The aim of this book is to show that 'communicology is the human science best able to address the manner and motif in which persons connect and attach to each other.' Drawing on . . . a variety of humanistic thinkers-such as Maurice Merleau-Ponty, Michel Foucault, Erik Erikson, and Georges Bataille-Macke challenges the technocratic empiricism that upholds a rationalistic and reductive view of communication and outlines and advocates for an embodied and interpersonal perspective. A seasoned scholar in his field, Macke addresses topics such as intimacy, sexuality, and dreams in some detail. . . .This is a scholarly book rich in insights and interdisciplinary in scope, focused primarily on communicology. Summing Up: Recommended. Graduate students, researchers, faculty, professionals. * CHOICE * Macke clearly ties together all that he has been quoting, questioning, and theorizing in a way that allows the reader to understand how each of the preceding chapters participates in his ultimate goal of inserting humanness into a field where academic and theoretical thinking has taken control, and offering an intelligent and much-needed inaugural study to inspire continual change in communicology today. * International Journal of Communication * Frank Macke's book has enormous implications for the human and social sciences generally and for study of communication in particular. The text is a fresh, bold, intellectually challenging, and at times courageous critique of our taken-for-granted social connections and psychological attachments and the disciplines by which we have heretofore repressed or superficially understood these experiences. This is a work of vitality, of embodied corporeality, and it is about the same. Macke's book has the potential to radically alter communication as a concept and field of endeavor. -- Isaac E. Catt, Isaac E. Catt, Visiting Scholar, Simon Silverman Phenomenology Center at Duquesne University, Fellow, International Communicology Institute, and co-editor, Communicology: The New Science of Embodied Discourse Frank Macke offers a thoughtful examination of a communication theory that unites evidence and ambiguity. Macke articulates communicology as a human science that dwells within the interplay of everyday human existence, unwilling to retreat into a realm above the fray of humanity. Macke contributes significantly to our understanding of communication with this volume. -- Ronald C. Arnett, Duquesne University, author of Levinas's Rhetorical Demand: The Unending Obligation of Communication Ethics Professor Macke asks an embarrassing question: Where is the human in communication taught in the American classroom and experienced in the typical family? Cutting through decades of superficial talk about sharing messages, he then asks an old fashioned question: What's the point of talking? With extraordinary clarity and precise scholarship, he helps us understand the psychology of how we come to embody a sense of self-worth and why that emotion matters in the shared community of speech around us: family, friends, strangers. The Experience of Human Communication is a must read answer for everyone with a positive interest in today's society and culture. -- Richard L. Lanigan, Director and Fellow, International Communicology Institute, Washington, DC, and University Distinguished Scholar and Professor of Communicology, School of Communication, Southern Illinois University We're so used to saying that one cannot not communicate.' Frank Macke challenges this maxim: we can not communicate-look around you, see how people try to connect with one another, only to fail. The thrust of Frank Macke's book is de-structuring and transformative: he takes the suppressed potential of communication understood scientifically and helps to unbracket and liberate it as expressed relationality. In this thought-provoking work, Macke provides insights into the human communicative experience and advances the science of Communicology. Anyone who reads this book will find it a transformative and richly rewarding experience. -- Igor E. Klyukanov, Professor of Communication Studies, Eastern Washington University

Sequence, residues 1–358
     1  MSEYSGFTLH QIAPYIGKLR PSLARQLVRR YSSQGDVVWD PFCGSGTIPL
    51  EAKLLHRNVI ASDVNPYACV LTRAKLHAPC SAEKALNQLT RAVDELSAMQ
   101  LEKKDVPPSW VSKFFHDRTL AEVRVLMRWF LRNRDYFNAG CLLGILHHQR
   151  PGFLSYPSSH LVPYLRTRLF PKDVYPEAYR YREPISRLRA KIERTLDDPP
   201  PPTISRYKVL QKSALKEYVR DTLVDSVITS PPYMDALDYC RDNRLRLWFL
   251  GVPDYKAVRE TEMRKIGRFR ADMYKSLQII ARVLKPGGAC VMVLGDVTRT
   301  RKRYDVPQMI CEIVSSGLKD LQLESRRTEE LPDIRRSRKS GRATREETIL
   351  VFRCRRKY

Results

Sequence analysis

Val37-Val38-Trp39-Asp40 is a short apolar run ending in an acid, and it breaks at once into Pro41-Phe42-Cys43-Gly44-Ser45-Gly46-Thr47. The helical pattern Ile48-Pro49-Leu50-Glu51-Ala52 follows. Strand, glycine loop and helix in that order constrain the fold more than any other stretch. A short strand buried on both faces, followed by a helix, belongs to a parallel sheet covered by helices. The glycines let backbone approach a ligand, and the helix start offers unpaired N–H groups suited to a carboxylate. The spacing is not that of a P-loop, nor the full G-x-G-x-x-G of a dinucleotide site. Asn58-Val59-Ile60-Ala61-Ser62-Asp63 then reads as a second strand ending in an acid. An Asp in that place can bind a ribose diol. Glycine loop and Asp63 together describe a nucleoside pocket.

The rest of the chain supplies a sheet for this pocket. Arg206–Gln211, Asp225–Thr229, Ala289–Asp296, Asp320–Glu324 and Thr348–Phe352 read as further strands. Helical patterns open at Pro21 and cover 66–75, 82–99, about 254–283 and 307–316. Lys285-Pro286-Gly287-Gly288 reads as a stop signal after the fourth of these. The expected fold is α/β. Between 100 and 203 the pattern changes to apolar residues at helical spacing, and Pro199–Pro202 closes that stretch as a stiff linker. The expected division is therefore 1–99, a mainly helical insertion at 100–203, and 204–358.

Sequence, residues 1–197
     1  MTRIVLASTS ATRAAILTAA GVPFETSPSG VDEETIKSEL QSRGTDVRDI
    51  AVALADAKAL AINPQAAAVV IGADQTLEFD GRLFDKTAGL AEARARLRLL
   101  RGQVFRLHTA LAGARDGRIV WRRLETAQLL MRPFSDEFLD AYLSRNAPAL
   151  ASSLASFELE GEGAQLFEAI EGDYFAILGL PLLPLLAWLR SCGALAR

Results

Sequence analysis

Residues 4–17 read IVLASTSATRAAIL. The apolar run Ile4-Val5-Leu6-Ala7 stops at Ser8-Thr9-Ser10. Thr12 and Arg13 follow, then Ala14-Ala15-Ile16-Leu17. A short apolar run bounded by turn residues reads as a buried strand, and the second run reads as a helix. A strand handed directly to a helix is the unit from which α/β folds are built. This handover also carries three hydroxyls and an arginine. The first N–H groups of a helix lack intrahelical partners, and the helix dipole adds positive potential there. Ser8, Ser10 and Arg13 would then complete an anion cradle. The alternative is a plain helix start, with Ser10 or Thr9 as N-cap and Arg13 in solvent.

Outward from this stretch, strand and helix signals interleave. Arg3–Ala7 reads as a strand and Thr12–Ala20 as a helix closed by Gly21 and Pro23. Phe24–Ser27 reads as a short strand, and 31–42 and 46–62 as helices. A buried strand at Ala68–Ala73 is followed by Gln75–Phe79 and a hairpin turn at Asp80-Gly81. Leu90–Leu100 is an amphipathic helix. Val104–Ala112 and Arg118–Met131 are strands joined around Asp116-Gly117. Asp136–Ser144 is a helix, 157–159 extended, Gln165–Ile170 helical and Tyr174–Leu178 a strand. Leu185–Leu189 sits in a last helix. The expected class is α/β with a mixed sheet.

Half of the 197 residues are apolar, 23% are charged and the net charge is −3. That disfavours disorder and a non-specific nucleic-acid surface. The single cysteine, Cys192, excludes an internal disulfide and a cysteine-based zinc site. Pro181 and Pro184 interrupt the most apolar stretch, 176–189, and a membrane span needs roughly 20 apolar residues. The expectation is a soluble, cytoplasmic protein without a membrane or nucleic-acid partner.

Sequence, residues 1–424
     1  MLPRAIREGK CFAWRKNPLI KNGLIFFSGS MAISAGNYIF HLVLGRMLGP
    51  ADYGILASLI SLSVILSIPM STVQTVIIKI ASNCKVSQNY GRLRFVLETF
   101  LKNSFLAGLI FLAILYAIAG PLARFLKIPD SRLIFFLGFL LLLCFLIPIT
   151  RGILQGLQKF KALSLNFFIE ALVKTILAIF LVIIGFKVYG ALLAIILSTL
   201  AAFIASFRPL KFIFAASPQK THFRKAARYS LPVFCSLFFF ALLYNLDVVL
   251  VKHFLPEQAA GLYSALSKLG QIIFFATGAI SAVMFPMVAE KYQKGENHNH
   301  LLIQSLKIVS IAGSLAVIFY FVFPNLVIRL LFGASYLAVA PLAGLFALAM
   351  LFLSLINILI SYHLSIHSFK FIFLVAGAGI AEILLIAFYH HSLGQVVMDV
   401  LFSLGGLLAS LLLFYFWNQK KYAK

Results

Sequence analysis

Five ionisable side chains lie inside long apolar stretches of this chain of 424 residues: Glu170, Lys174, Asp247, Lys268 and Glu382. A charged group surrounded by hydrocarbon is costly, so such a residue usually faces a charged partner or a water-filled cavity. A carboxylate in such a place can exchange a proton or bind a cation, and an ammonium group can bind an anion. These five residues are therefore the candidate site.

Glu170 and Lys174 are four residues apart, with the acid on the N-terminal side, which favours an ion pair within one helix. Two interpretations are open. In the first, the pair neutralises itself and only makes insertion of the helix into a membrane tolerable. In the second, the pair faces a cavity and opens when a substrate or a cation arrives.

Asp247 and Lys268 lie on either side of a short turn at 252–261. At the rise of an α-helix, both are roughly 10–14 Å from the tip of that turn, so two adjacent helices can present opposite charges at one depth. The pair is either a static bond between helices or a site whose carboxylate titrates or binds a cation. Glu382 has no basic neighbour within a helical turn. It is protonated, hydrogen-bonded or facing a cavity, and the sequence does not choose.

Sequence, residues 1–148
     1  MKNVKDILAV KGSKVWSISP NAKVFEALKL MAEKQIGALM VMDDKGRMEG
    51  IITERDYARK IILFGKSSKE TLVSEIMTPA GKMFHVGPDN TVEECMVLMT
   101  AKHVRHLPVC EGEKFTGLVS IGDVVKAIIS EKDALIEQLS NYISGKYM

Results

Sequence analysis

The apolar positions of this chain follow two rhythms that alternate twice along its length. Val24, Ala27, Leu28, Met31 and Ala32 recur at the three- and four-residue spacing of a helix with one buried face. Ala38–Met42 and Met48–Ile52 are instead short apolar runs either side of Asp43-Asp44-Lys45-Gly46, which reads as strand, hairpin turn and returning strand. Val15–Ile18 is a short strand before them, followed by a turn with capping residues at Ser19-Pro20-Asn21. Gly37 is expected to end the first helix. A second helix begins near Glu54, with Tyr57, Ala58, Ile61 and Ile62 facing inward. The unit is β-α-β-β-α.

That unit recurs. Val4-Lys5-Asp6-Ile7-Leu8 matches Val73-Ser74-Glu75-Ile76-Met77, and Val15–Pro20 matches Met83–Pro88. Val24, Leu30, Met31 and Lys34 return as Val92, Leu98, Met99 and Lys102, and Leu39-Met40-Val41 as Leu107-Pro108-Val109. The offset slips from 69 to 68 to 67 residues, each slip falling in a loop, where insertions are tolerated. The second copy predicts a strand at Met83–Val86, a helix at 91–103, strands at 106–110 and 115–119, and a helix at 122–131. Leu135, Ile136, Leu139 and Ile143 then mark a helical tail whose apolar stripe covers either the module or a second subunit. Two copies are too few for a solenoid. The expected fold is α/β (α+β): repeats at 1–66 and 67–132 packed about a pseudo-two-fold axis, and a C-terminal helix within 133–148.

augustus 2016
22,9 x 15 x 1,8 cm
Aantal pagina's
266 pagina's



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Body, Flesh, and Relationship
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Fenomenologie, Humanisme
Existentialisme & Fenomenologie, Mens & maatschappij, Moderne filosofie, Taal & taalkunde, Psychologie